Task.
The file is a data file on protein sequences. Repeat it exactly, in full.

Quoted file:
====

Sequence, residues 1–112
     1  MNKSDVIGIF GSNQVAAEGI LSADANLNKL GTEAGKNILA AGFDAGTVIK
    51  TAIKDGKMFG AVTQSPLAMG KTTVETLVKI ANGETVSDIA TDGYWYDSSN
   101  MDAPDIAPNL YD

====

Sequence, residues 1–112
     1  MNKSDVIGIF GSNQVAAEGI LSADANLNKL GTEAGKNILA AGFDAGTVIK
    51  TAIKDGKMFG AVTQSPLAMG KTTVETLVKI ANGETVSDIA TDGYWYDSSN
   101  MDAPDIAPNL YD